On Wednesday evening, former Secretary of State Hillary Clinton continued to take a hawkish tone in her speech while distancing herself from the Obama Administration. A fortnight ago, she invoked Hitler's actions in Czechoslovakia in 1938 when commenting on Russia's annexation of Ukraine's Crimean Peninsula.
For the first time in my life I became a community organizer over the last few months. It’s not an experience I’ll want to repeat any time soon. With a group of neighbors I took on City Hall and a rag-tag group of bicyclists who wanted to replace on-street parking with dedicated bike lanes on the most dangerous street in my city of Alexandria VA.
King Street, Alexandria is very steep (a 5 percent grade) and a major city artery (Virginia Route 7) with 13,000 cars and trucks that speed by each day, mostly well over the speed limit. It’s also only 29 feet wide, which means that when the bike lanes are installed and two city buses pass each other, they’ll have zero leeway unless they move into the bike lanes.
It’s the dumbest place in the world for bike lanes, in short, an attractive nuisance, an accident waiting to happen. But that didn’t seem to matter to anyone, and that taught me something about municipal politics.
David Brooks rightly holds that the evolutionary picture of human nature is inadequate:
[The] strictly evolutionary view of human nature sells humanity short. It leaves the impression that we are just slightly higher animals — thousands of years of evolutionary processes capped by a thin layer of rationality. It lops off entire regions of human possibility.
According to Brooks, evolutionary biologists have reduced human nature to two distinct systems, one “to procreate or strut or think in certain ways” and another focused on reason and consciousness. Although biology depicts this dual nature, Brooks recognizes that morality mostly consists of reason ordering our more animalistic impulses:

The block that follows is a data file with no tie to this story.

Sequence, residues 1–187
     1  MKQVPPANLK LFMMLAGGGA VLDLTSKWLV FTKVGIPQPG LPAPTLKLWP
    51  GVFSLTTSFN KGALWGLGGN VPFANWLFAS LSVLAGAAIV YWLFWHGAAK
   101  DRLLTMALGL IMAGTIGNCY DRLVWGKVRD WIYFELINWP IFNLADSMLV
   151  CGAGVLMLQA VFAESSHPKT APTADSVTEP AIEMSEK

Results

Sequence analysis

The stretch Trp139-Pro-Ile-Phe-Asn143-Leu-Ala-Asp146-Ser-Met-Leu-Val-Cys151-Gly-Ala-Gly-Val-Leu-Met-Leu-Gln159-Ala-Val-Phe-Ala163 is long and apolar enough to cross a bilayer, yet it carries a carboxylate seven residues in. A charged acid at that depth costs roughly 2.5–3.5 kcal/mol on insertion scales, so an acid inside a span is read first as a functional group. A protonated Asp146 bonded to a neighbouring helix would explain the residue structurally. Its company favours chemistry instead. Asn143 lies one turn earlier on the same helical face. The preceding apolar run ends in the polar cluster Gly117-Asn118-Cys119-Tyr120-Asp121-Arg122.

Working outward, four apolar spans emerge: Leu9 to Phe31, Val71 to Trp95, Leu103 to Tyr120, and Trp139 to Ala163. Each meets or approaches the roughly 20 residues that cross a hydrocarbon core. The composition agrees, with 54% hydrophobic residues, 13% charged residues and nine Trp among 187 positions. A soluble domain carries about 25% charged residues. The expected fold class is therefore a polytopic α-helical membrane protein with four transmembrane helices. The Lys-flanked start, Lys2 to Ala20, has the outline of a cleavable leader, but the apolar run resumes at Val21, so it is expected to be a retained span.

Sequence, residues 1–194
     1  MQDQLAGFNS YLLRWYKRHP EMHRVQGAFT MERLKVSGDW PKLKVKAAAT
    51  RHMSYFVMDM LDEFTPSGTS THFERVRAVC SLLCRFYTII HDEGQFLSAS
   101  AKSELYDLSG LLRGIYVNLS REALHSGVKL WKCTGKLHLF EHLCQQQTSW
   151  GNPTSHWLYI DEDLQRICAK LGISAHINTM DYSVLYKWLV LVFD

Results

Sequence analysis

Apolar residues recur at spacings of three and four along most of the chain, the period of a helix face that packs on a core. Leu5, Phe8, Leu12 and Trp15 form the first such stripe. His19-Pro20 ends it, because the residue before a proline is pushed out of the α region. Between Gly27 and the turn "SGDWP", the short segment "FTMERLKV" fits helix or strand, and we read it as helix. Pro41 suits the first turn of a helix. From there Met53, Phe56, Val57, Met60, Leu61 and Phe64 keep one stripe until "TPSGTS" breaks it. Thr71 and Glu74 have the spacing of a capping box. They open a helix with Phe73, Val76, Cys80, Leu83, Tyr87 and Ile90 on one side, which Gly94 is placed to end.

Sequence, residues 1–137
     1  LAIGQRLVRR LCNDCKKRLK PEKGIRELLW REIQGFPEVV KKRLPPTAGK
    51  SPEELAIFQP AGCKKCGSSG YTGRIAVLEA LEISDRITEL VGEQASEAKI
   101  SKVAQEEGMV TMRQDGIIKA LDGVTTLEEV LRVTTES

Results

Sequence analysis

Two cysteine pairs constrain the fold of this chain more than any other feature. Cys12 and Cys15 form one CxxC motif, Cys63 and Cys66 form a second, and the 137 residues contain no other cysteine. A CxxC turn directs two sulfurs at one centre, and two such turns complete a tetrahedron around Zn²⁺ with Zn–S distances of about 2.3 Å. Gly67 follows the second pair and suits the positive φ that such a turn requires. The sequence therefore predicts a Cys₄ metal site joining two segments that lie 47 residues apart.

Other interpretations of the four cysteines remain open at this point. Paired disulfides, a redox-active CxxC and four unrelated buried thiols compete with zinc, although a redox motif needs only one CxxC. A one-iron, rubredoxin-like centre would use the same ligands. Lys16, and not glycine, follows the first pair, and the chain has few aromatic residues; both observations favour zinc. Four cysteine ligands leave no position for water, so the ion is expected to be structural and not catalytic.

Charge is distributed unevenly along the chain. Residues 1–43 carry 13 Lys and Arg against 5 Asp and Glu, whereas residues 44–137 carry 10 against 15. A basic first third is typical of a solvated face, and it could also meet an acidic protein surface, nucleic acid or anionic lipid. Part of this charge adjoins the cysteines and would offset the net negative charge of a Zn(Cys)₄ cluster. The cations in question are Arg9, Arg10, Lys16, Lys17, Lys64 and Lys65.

Deep down we are mammals with unconscious instincts and drives. Up top there’s a relatively recent layer of rationality. Yet in conversation when we say someone is deep, that they have a deep mind or a deep heart, we don’t mean that they are animalistic or impulsive. We mean the opposite.
To get to the Gaylord Hotel in Maryland for CPAC, I hopped on the Union Station shuttle the first morning of CPAC. As I sat down, I was bombarded by John Phillip Sousa IV and Wild Bill in a campaign ad explaining why Dr. Ben Carson is the “only candidate” who could win against Hillary Clinton in 2016:
He’s not a politician, he’s a citizen statesman… studies show that if Dr. Carson could capture only 17 percent of the black vote, it will be mathematically impossible for Hillary to win the White House…we need to elect a man after the heart of George Washington.
The ten-minute video played three times on my way to Gaylord. Three times on the way back. Three times the next day. Three times the way home. Three times the final day and, at last, the bus driver spared us the torture on my final trip back to Union Station.
Then today I clicked over to the Daily Caller only to find an exposé on the people behind the Ben Carson campaign.